Lowcountry Lawyers: Estate Planning in 2013
Author: Elizabeth B. Mayo & Catherine Scarminach
By now, you have no doubt heard—probably with some relief—that as a result of last minute negotiations, the American Taxpayer Relief Act of 2012 made permanent the $5.250 million gift, estate and generation skipping transfer tax exemptions of 2012; adjusted each exemption for inflation; increased the gift and estate tax rate for estates and gifts in excess of $5.250M from 35 percent to 40 percent; increased the annual gift tax exemption to $14,000 per donee for 2013; and clarified “portability” of the gift and estate tax exemptions (but not the GSTT exemption) between spouses.
All that is mostly good news. And, while, at first blush, it may now seem unnecessary to plan your estate for tax savings anymore, the Act actually opened up a myriad of planning possibilities and may require some scrutiny of prior planning. For example, many pre-Act revocable trusts taking advantage of previously lower estate tax exemptions do not include the surviving spouse in the “B” or “Family Trust” to which the exemption amount is allocated or include the surviving spouse and children as current beneficiaries. This is especially true in a second marriage situation. Given the large exemption under the Act, you may want or need to reconsider the dispositive terms of your “Family Trust.”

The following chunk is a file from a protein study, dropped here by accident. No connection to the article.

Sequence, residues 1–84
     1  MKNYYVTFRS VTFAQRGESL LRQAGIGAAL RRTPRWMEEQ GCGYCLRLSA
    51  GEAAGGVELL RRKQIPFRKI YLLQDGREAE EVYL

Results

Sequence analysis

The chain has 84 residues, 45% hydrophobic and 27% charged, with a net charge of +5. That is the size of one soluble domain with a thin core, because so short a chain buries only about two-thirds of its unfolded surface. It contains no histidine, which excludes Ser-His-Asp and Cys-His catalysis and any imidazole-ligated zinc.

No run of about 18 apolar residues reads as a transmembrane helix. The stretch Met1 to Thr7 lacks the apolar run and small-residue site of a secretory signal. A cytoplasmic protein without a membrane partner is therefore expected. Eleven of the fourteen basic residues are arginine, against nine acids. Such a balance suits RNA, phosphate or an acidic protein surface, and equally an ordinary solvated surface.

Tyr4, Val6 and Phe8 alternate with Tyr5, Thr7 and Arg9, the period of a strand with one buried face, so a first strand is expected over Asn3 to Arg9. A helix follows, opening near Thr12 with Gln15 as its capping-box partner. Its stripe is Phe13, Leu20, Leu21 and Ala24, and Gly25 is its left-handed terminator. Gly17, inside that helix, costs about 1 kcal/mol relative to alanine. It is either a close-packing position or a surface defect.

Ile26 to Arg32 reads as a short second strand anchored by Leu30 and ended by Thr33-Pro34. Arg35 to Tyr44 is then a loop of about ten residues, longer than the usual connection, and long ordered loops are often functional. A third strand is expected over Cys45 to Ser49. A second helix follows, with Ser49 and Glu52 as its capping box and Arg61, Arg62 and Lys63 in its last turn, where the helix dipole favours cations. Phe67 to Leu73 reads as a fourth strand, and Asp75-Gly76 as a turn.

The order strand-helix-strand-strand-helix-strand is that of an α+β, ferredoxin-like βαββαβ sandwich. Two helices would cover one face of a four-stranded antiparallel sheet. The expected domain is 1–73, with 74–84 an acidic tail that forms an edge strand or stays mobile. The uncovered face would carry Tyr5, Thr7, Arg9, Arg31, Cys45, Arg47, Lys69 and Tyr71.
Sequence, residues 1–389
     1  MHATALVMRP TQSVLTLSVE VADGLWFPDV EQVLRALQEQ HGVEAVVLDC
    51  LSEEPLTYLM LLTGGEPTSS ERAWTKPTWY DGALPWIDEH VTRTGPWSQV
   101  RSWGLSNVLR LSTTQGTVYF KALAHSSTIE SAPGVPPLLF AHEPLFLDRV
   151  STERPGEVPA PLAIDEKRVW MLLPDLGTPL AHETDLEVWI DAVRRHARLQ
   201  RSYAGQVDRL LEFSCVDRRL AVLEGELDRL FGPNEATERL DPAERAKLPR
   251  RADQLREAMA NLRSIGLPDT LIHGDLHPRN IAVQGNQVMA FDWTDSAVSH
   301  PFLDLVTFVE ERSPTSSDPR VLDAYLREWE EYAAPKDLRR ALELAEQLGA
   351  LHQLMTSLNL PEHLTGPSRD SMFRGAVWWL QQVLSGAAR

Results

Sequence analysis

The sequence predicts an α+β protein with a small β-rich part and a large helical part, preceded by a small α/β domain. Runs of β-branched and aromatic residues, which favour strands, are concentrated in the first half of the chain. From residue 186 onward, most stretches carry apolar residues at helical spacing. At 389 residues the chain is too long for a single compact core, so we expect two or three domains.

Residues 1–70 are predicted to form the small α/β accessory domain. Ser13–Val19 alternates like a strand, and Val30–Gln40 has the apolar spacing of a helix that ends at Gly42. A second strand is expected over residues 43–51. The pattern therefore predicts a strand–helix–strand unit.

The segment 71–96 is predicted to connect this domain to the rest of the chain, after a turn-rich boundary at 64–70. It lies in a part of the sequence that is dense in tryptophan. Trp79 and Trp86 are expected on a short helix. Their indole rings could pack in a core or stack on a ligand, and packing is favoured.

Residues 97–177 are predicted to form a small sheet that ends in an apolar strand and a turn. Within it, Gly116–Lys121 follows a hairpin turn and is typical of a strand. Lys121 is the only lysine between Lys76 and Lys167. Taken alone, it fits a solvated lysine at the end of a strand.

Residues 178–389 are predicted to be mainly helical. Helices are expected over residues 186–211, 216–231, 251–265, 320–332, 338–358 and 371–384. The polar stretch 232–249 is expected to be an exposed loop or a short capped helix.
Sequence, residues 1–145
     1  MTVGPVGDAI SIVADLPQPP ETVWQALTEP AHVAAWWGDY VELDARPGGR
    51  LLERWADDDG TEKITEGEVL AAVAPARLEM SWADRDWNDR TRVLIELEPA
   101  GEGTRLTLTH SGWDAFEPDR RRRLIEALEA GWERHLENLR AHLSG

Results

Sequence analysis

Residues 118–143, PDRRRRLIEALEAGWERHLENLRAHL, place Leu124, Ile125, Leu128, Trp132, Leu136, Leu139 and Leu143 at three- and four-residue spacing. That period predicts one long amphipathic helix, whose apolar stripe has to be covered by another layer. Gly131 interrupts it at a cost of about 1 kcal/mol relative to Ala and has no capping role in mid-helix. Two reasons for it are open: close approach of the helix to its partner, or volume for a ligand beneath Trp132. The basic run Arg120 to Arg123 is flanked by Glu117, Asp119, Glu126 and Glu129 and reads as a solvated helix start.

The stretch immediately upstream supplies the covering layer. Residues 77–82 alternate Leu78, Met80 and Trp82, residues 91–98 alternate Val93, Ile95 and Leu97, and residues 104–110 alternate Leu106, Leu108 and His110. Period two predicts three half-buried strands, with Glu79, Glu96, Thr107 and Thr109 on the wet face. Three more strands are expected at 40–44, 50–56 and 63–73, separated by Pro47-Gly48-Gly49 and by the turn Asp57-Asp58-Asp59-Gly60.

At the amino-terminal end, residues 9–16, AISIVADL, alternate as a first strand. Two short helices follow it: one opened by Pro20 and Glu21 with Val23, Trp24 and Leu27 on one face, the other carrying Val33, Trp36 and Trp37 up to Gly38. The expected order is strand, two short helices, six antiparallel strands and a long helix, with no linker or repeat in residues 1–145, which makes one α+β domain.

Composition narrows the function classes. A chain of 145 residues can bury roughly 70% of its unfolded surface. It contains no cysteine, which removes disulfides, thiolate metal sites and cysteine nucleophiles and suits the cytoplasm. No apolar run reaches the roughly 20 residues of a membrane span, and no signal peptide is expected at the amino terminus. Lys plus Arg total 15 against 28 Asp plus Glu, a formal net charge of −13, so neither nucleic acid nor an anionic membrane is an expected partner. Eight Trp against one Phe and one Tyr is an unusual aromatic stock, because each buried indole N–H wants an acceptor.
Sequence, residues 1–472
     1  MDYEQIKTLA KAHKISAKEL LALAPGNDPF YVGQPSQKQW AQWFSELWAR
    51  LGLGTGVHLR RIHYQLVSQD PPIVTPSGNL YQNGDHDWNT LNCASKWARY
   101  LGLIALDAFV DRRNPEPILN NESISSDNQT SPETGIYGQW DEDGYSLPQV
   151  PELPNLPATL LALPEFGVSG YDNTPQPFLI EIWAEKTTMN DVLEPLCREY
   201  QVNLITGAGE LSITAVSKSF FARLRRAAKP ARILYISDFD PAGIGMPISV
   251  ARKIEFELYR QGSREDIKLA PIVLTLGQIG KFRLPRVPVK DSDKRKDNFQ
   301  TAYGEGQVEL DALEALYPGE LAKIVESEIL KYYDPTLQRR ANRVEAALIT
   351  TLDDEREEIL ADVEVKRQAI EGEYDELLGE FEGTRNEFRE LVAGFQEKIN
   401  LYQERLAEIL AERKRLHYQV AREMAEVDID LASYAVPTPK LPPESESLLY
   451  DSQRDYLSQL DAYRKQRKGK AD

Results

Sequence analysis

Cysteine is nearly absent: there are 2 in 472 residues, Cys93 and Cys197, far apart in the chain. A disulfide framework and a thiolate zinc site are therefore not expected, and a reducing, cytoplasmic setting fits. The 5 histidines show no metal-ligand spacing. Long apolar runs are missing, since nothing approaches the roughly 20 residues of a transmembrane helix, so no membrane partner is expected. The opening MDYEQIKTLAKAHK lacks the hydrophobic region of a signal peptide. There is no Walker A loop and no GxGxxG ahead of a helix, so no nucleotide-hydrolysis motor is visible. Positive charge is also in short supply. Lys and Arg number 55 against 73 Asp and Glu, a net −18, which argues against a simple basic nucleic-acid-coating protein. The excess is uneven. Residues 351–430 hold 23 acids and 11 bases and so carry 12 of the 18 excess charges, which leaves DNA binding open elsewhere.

Portability of unused exemption amounts after the death of the first spouse may eliminate the tax need for trusts in planning for couples with less than $5.250M in total assets. However, preservation of the exemption may still be important. In addition, there still remain many non-tax reasons to continue or establish trusts, including planning for your own, your spouse’s or your children’s disability or incompetence.
The Act makes gifts less tax-expensive. And, gift tax discounts are still available for use with the increased gift tax exemption to reduce gift tax costs and to reduce future estate tax liability.
Trusts continue to be effective asset management tools to avoid probate administration and will contests and to provide for the distribution and management of your assets during your lifetime and at death. Whether your current plan needs to be updated or reviewed to fit your current life situation or you want to consider the effects of the new Act on your estate, the “new” year is an excellent time to do it.
For further discussion or more information, please contact the Law offices of Novit & Scarminach.